Linux Has Easy Automation
Linux automation is a technical subject to cover. To put it in its simplest form Linux has a variety of tools that allow software developers to automate many of their tasks. When you eliminate the need to do many manual operations, the company saves a lot of money by reducing man-hours. The developer also reduces redundancy.
Automating repetitive tasks is known as a “Crontab job.” It takes a little bit of time to get going, but it saves time in the long run.
As a software developer, using automation scripts is not something you will learn in school. You will need to spend a lot of time researching, but once you have got automation scripts down, you eliminate a lot of mundane tasks and increase your productivity.
Most mid-level developers Who have experience with Linux can write automation scripts. Once you do this and reduce your workload by at least 20%, you can become a rockstar developer that gets things done in good time. A quick note, you can find scripts online.
Remember when we spoke about Linux being secure. Well, the same logic that we used for Linux security applies to its reliability and stability. You cannot claim that one operating system is more stable than the other. This is because there are constant updates for each operating system. So, at any given time, one could be more stable than the other.
However, Linux can be considered the most stable operating system for the most part, which is perfect for coders who spend long periods on specific projects. Not only do you risk losing your work on unstable systems, but having to deal with an unstable operating system can cost a lot of time. As a coder, efficiency is often a priority. This statement is especially true when working in large teams where one department may be waiting for you to complete your work before starting theirs.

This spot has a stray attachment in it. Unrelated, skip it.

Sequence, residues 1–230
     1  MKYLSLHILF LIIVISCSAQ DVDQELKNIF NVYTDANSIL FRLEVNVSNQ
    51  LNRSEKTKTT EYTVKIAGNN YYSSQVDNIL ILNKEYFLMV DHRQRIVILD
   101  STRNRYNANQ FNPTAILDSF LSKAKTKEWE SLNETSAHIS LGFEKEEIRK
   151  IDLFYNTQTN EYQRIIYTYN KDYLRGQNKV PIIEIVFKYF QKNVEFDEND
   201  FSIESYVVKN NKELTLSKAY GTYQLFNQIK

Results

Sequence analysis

Stability also plays a massive role in server-side situations. Thanks to Linux’s stability, it is frequently used in large server farms (datacentres,) medium-sized office networks, and more.
Again, as a software developer, efficiency is crucial. When you combine almost everything we have spoken about in this article, you can count on Linux to be highly reliable. This reliability makes things slightly more efficient for coders and all types of developers.
You can count on Linux, which is one of the primary reasons why developers love it so much. Its reliability is also why Linux has such a passionate community, especially when you consider that most people in the community don’t make any money off Linux. So, there must be a reason why so many of them tend to stick around.
With Linux, you don’t have to restart your system. I know of a Linux machine that ran for four years. Now, I understand that with how fast current PCs are restarting with M.2 drives, that doesn’t seem like a big deal, but it’s more about how stable and reliable the system is.
You could rarely achieve something like that on a traditional operating system because the longer you keep them running and the more work you do, it will bring the PC to a standstill at some point.
Linux is, Overall, a great experience
We have gone through pretty much everything that we can talk about. I guess the final thing to say and the best thing about Linux is that it is just an excellent operating system to use. From its accessibility to security and reliability, you have everything you need to have a pleasant experience on your PC.
We could spend hours talking about why software developers love using Linux. At the same time, we could spend hours telling you why some developers absolutely hate it, but this article was about those that enjoy using it. The thing is, we tried not to get too technical in this article.
If you are a novice developer and skeptical about learning how to use Linux, this can harm your career prospects. Learning Linux means that you are learning a new skill. It is not taking away from everything else that you already know, so when you apply for a job somewhere, if you have Linux on your CV, it opens a new door.